The main life satisfaction question described in the body of the paper was designed to match the construction of the experienced well-being question. It was collected in a randomized subsample of the participants: 17,026 people, who collectively provided 1,275,159 real-time reports of experienced well-being. Many of these 17,026 participants (52%) were asked this life satisfaction question exactly once, and some, based on random chance, were asked more than once (average, 2.03). If a person had more than one response, the mean value was used in calculations.
Fig. 1, which compares the shape of the relationship between income and these two types of well-being, is based on the people who had data for both measures (to ensure an apples-to-apples comparison). All other results for experienced well-being (e.g., regression results) are based on all 1,704,162 reports from 33,391 people. A comparison of results for these two samples, plus a comparison to an unrestricted sample, is detailed in Table 1.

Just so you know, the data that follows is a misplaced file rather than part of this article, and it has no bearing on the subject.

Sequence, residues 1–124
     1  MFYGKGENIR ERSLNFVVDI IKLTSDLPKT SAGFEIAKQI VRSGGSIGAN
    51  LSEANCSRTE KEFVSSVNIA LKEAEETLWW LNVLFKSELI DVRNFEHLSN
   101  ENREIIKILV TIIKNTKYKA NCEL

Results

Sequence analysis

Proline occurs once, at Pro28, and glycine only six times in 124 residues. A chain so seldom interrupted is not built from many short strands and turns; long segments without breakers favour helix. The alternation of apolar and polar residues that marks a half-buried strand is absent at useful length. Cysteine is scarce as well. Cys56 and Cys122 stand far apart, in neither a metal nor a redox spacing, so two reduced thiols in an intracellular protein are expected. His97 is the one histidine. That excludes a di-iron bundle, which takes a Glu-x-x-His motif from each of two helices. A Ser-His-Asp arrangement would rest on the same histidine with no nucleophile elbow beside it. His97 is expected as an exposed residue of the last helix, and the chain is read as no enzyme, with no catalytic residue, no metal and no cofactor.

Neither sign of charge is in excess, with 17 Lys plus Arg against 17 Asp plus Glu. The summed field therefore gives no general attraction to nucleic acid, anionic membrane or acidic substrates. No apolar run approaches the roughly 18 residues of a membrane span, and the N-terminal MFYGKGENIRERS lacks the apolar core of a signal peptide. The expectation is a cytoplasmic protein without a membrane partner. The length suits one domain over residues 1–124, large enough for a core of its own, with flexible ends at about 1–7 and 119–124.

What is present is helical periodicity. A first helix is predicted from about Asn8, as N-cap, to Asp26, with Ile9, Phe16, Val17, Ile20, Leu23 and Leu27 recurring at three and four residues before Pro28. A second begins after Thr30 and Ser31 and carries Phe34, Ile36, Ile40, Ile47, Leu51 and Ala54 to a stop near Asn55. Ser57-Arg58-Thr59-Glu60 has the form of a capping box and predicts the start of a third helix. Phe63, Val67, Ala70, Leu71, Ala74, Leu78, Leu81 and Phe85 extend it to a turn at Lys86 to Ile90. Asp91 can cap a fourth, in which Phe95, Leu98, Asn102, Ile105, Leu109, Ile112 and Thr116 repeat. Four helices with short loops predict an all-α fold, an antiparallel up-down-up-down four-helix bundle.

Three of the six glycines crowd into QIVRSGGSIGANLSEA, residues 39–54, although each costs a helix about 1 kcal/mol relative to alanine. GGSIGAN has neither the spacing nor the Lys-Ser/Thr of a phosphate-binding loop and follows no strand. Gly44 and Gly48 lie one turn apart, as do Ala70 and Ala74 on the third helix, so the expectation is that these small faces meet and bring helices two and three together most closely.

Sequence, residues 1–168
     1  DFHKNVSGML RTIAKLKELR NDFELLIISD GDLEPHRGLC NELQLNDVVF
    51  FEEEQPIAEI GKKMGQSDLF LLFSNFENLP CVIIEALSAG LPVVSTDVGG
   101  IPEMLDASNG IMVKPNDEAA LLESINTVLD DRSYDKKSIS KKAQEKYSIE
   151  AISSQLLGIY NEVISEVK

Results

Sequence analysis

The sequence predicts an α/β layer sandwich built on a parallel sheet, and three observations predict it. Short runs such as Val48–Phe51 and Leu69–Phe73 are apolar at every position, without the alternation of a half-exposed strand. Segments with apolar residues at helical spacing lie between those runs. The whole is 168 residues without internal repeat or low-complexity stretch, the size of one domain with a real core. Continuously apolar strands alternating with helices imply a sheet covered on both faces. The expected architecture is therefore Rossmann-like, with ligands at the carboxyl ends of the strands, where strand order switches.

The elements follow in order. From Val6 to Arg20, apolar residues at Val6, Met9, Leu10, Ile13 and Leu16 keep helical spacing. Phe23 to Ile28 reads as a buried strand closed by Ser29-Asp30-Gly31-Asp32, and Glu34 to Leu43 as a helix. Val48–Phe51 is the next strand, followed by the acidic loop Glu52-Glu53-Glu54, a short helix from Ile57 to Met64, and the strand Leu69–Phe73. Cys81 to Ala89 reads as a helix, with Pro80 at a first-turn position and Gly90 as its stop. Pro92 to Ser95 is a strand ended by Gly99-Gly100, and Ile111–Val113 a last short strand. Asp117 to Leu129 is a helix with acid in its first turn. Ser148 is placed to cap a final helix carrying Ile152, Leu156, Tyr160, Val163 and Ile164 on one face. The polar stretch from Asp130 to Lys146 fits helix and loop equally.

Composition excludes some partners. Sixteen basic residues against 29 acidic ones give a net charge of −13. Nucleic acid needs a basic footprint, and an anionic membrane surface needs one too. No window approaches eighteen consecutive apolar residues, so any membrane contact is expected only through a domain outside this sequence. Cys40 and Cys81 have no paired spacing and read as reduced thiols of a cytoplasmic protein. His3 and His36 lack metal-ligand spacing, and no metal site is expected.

Correlation between Well-Being Measures.

Experienced well-being was positively correlated with the equivalently constructed life satisfaction measure (r = 0.61, P < 0.00001), with the Satisfaction With Life Scale (r = 0.43, P < 0.00001), and with the (1–4) life satisfaction measure (r = 0.38, P < 0.00001).

Income Measure.

Income was measured on an intake survey that occurred prior to and on a different occasion from any of the experienced well-being measures or the main life satisfaction measure reported in the body of the paper, which were all collected via experience sampling reports. The “additional life satisfaction measures” that are reported below were measured on the intake survey, with the income measure always being asked after the life satisfaction questions. Thus, for all outcomes, income was not made salient by the study design to participants when they were reporting experienced well-being or evaluative well-being.
Income was measured by asking people, “What is your total annual household income before taxes?,” with response options in $10,000 increments up to $100,000/y, followed by “$100,001–$125,000, $125,001–$150,000, 150,001–$200,000, and over $200,000.”